Second Notice? Really?
Even though I pay almost all of my bills online, I have so far resisted the offers of the various services and agencies I have to send regular payments to to go “paperless.” Getting the bill in the mail reminds me to set up the payment. And given the unpredictability of email spam filters, I’m just a little nervous about relying on email notifications solely for my mail.
Before you start composing a comment telling me how to add an address or a domain to a whitelist, let me remind you that first, I’m a tech writer in the telecommunications industry—I have been part of the development team for products that process email; I understand about whitelists, I do.
The problem is that sometimes someone at an upstream provider will change the way a filter works. Or the company sending me the notification may make a change in the way emails are sent. And sometimes spam filters are just glitchy. I just recently had an incident where three messages were sent to me within a few days from the same sender to my account. The middle of the three was snagged by the spam filter, which made the third message a bit confusing. When I found the missing message and compared the header information in it to the two that got through, they were all identical.
So, for now, I’m sticking to paper for bills.
It seems, however, as more and more of us do most of our communicating on line, that the junk mail people are sending out twice as much junk mail, hoping somehow to get our attention. And they are going to greater lengths to make the junk mail look like something other than what it is. “Official documents enclosed” or “Response required by (date)”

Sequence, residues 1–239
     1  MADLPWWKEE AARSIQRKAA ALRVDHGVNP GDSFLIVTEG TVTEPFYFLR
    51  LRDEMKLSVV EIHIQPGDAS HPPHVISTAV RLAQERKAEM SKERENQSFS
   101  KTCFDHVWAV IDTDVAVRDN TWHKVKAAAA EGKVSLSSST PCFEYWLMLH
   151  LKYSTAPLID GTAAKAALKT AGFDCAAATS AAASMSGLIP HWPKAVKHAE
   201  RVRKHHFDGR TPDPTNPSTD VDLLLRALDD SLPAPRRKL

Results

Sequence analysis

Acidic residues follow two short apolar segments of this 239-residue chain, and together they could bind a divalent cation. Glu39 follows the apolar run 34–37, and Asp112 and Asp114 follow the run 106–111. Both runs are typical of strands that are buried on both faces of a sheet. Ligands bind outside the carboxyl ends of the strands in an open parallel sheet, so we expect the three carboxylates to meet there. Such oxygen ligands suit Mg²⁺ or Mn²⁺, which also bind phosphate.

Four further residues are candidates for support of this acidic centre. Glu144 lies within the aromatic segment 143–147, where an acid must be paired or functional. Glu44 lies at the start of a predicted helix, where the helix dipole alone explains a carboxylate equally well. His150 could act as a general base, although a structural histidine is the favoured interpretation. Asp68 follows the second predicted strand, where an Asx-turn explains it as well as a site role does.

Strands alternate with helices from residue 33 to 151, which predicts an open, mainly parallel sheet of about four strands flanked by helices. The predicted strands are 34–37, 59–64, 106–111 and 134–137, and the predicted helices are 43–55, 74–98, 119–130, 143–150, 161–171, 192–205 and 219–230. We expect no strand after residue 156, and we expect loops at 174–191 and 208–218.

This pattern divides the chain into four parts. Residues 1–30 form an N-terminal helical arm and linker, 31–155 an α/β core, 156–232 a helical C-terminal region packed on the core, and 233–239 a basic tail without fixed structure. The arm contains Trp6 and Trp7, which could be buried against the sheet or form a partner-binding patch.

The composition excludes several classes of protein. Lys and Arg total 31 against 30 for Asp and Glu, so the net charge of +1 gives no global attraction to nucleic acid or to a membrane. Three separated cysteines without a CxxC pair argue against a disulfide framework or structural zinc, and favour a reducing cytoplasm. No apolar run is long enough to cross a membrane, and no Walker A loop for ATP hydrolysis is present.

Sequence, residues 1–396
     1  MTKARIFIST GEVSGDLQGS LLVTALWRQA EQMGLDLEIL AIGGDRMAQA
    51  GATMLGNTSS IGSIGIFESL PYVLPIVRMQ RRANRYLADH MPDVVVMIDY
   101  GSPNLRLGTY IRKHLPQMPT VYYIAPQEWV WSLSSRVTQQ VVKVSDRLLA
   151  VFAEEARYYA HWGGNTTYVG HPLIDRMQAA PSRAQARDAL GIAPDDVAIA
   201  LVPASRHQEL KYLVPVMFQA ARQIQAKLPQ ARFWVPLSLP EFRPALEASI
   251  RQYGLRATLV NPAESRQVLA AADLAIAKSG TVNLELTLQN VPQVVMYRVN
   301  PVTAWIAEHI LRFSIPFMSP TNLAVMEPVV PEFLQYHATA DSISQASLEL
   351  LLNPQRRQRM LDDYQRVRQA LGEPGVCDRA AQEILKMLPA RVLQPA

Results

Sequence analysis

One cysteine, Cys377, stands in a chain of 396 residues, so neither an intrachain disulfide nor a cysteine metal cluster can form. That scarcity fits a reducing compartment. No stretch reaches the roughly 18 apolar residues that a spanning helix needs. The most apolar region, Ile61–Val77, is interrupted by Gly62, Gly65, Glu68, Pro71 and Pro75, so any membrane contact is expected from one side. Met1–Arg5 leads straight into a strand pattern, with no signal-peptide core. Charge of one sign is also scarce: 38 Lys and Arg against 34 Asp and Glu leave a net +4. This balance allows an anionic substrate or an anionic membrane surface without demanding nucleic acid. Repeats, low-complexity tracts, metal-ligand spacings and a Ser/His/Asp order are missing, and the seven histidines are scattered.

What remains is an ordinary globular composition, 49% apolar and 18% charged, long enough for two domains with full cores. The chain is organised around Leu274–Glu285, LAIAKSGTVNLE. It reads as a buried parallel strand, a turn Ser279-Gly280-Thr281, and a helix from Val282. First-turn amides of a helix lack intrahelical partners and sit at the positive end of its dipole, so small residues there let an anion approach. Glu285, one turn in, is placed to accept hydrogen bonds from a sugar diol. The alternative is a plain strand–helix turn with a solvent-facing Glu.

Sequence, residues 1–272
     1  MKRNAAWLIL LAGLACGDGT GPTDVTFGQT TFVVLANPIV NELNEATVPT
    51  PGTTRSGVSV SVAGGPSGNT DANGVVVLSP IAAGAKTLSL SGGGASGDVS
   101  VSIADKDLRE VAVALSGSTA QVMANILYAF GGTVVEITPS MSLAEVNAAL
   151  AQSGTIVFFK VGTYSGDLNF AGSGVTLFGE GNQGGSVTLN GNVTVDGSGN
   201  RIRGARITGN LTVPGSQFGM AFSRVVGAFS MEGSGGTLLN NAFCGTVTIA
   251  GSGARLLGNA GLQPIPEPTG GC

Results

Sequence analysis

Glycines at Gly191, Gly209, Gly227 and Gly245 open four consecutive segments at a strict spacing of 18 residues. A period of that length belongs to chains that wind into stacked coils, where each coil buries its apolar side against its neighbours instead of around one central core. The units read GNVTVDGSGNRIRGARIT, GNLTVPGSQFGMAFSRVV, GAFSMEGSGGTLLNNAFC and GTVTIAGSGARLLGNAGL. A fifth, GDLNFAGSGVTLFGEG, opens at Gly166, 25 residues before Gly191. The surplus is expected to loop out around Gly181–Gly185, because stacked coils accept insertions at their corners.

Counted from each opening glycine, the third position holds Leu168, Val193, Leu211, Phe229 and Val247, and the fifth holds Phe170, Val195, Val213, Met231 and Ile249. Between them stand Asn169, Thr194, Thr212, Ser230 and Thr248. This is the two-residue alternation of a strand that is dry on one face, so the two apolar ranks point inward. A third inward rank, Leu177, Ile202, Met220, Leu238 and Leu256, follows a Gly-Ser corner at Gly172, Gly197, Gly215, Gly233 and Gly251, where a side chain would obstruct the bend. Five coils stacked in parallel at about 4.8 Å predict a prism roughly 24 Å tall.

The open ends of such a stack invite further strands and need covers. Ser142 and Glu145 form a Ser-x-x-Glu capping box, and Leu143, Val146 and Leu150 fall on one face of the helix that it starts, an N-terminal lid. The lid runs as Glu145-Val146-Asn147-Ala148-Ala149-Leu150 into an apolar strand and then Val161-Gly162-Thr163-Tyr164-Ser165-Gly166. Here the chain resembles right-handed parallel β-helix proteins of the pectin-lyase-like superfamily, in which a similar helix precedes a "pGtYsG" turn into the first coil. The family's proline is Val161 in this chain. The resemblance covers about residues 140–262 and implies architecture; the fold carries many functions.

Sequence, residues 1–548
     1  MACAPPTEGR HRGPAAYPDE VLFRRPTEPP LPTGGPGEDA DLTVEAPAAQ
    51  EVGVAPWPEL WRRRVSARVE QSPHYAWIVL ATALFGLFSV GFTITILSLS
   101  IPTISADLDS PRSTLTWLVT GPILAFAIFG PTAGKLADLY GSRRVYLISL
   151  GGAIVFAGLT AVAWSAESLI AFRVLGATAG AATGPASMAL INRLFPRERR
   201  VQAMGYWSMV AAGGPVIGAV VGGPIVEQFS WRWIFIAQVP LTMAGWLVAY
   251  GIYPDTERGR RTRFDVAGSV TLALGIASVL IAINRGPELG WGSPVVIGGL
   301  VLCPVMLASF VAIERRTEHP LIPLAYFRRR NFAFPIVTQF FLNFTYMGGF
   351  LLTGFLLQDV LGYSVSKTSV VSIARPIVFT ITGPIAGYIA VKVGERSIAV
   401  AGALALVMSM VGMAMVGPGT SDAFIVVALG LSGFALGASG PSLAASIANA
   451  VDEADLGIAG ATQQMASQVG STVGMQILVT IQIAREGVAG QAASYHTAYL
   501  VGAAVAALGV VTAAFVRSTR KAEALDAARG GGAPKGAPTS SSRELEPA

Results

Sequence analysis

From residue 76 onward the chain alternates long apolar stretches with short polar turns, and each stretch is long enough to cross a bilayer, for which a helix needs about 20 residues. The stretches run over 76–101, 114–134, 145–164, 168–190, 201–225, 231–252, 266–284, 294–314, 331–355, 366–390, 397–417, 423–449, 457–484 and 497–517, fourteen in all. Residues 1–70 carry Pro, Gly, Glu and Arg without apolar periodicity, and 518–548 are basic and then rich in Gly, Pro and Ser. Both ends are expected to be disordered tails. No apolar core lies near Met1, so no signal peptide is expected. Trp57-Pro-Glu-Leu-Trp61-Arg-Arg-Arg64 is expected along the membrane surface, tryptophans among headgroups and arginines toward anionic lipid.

There has always been some junk mail like that, but it seems to be getting worse.
And then there is the not-quite-junk-mail. I contribute to a number of causes. I’m a bit random about it. Each month after I set up all the payments for the bills coming due, I’ll ask myself, “Who haven’t I give a donation to in a while?” And so I’ll log into the web pages of a couple of these causes and make a small donation.
During election years I wind up throwing a lot of these donations to either candidates who have done something I think justifies my support, as well as a few of the more general party organizations. I’ve been doing this for years, and have gotten used to receiving mail from all of these organization asking for a new donation on a regular basis.
I’ve noticed that at least two of the party-affliated committees have begun to send out requests for donations with phrases such as “Second Notice” and “Final Notice” printed in red, which makes one think it’s an overdue bill.
But it isn’t an overdue bill. They have set themselves an arbitrary target by an arbitrary or semi-arbitrary deadline, and the previous month’s plea for a donation said something about, “Help us achieve the important goal of raising $XXX,XXX before the next filing deadline!” And if you haven’t sent in any money, then you get this so-called “second notice” saying, “We told you how important this deadline is, but we haven’t heard from you!”
It’s a donation! One of the ways that donations differ from bills is that a donation doesn’t have a deadline. A donation is voluntary. A bill is an obligation. I signed up for some service (electricity, cell phone, internet, what have you) and agreed to pay an amount on a monthly basis. There is a deadline because it is an obligation. If I don’t pay the obligation when agreed, then certain penalties will apply, possibly including having the service turned off.
But if I don’t meet this wholly made-up deadline for your fundraising goals, I’m not skipping out an an obligation. I have no obligation to donate.